In accordance with my invention, I construct the water side of the levee 2 in steps or terraces, of the proper height and number, depending upon the height of the levee and the inclination of its face. The vertical or upright portions of the steps or terraces are preferably formed of substantially permanent, erosion resisting material, such as concrete, which is preferably formed in slabs 3 and secured in place. These slabs are made of any desirable size and may be reinforced with metal when necessary or desirable. The slabs 3 are generally held-in position by posts 4, preferably formed of concrete, which are driven or set into the bank or levee. rIhe posts are provided with a seat or depression 5, partly closed by the overhanging lips or projections 6, for the receipt of the adjacent ends of two successive slabs. The ends of the slabs are spaced apart slightly from each other at the posts, so that each slab mayhave a slight movement independent of the adjacent slabs. The post 4C is generally-provided with an opening 7 at the top extending into the depression 5, and after the slabs are in place, a quantity of material such as hot liquid asphalt is poured into the opening 7. This material flows into vthe space between the ends of the slabs and seals the joint, and on account of its plastic nature when cold, still allows a limited movement of one slab with respect to the others. The lowermost row 8 of slabs is placed so that the loweredgc thereof lies below the low water level 9, or below the level of the lill of the levee. The second row l2 of slabs is similarly held in position, and is arranged behind and above the iirst row S, the lower edge of the slabs in the upper row being usually placed above the upper edge of the slabs in the lower row.V The posts of the two rows are usually tied or fastened together by rods or wires 13, to increase the strength of the structure. The area between the two rows of slabs is filled with earth or rock, the upper surface 14 thereof extending at a slope from the upper edge of the lower slabs to a plane slightly above the lower edge of the upper i'ow. lIhis surface is composed of gravel, rock or other material, and is impregnated and treated with a suit-able binder, such as heavy road oils, after which the surfaceis packed and rolled, so that an integral iinfr pervious surface is formed. This surface is notaffected by the action ofthe water, and being impervious, the water can-not work its way thereunder and undermine the levee. The slope or inclination of the surface causes the rain water and the receding waters from the river to readily drain there# from.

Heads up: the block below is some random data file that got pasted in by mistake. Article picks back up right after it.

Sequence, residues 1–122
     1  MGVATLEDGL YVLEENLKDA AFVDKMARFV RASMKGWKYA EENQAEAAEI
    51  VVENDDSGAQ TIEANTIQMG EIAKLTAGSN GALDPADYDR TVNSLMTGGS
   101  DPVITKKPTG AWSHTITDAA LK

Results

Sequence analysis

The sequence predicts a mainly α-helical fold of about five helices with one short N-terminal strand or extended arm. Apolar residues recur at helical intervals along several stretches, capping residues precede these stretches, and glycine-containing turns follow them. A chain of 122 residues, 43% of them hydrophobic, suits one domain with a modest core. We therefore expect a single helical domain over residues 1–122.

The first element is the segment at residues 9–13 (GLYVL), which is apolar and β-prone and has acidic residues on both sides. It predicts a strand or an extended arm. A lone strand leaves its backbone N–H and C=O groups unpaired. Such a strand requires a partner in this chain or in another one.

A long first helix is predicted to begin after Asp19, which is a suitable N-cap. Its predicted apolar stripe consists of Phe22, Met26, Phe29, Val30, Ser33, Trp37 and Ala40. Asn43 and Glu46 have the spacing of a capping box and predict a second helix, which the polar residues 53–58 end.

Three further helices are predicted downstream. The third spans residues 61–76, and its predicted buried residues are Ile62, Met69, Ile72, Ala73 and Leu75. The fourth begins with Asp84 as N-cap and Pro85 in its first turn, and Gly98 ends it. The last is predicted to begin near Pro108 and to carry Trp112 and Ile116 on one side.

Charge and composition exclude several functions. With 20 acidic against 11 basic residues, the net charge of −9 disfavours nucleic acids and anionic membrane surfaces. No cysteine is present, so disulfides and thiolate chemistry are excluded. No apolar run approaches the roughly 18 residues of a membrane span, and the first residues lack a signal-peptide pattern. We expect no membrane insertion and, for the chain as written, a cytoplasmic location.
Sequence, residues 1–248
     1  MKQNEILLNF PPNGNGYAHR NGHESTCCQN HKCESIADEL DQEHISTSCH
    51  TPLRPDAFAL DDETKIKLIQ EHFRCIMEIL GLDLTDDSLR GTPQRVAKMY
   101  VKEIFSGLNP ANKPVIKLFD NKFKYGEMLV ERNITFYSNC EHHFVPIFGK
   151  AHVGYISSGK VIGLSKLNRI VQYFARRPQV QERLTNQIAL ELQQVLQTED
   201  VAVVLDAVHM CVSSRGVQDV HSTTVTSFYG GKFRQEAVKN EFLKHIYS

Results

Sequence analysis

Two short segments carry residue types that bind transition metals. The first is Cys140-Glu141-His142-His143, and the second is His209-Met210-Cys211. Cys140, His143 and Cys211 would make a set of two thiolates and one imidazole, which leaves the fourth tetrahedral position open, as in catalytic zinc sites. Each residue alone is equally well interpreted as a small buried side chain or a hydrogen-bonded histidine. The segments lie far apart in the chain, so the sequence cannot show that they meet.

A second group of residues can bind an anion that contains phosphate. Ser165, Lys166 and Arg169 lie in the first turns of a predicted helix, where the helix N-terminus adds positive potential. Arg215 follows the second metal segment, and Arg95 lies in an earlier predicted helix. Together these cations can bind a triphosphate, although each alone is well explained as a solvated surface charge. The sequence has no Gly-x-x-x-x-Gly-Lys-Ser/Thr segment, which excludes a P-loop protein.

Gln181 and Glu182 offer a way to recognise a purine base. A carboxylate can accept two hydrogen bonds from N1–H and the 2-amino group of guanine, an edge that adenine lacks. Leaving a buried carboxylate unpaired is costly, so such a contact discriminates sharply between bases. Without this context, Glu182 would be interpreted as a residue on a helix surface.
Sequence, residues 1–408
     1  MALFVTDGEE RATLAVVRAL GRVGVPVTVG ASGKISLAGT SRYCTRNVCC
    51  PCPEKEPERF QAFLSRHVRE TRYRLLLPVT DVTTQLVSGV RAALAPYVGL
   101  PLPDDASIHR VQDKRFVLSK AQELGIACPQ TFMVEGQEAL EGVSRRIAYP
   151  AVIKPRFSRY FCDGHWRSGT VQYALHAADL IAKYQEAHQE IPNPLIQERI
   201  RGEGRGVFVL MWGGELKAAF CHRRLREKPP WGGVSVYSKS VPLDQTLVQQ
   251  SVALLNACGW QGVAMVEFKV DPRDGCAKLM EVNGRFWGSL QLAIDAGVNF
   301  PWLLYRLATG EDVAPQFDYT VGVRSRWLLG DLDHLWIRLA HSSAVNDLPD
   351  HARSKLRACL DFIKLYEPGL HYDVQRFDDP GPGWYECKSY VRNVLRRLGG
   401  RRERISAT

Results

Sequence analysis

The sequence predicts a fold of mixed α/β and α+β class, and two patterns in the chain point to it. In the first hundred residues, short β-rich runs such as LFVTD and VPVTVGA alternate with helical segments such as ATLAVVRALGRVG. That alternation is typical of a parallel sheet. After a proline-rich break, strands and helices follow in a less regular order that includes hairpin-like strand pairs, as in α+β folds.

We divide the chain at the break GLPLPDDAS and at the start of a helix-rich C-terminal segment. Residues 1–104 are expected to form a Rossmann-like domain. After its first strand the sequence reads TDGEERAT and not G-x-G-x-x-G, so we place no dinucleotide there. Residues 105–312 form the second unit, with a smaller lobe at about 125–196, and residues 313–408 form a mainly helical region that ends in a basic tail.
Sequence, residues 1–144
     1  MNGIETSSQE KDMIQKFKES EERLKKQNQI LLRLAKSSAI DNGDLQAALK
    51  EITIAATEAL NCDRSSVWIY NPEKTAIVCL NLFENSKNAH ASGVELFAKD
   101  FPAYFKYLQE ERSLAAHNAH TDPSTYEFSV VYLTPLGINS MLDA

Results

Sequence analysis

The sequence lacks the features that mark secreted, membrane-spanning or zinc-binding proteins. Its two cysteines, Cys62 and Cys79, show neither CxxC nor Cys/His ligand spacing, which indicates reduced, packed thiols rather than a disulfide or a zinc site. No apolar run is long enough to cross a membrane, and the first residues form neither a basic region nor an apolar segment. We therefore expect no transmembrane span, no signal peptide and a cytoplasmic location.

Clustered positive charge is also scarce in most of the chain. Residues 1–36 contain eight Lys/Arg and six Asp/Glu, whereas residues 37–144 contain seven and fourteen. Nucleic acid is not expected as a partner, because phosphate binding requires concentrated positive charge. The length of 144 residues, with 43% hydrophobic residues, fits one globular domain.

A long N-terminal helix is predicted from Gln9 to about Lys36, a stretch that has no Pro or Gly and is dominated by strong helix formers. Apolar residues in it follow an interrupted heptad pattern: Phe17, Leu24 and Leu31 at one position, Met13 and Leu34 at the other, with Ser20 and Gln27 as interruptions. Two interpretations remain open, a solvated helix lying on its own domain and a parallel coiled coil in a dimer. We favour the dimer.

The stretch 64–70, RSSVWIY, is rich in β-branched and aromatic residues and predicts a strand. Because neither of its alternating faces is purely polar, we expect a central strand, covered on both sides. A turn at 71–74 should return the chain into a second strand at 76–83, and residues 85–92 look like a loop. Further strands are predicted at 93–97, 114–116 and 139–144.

In the drawings I have shown a levee provided with two roivs of concrete slabs, but it is evident that the invention is not limited to such particular construction. The upper row 12 of slabs is placed so that the upper edge 15 thereof lies above the flood stage or generali high water level 16 of the river. The upper surface 17 of the levee is prepared in a similar manner to' the surface la, and slopes upward and backward a short distance from the top ofthe upper row of slabs. The top surface of the levee maybe constructed to forma road in which.

instance the surface 17 will forni the slope fromthe crown of the road tothe edge.

The upper surface 17 being impervious to water is not injured and the' levee cannot be washedout, should the water in the water course rise to such a height that it would flow or pour over the levee.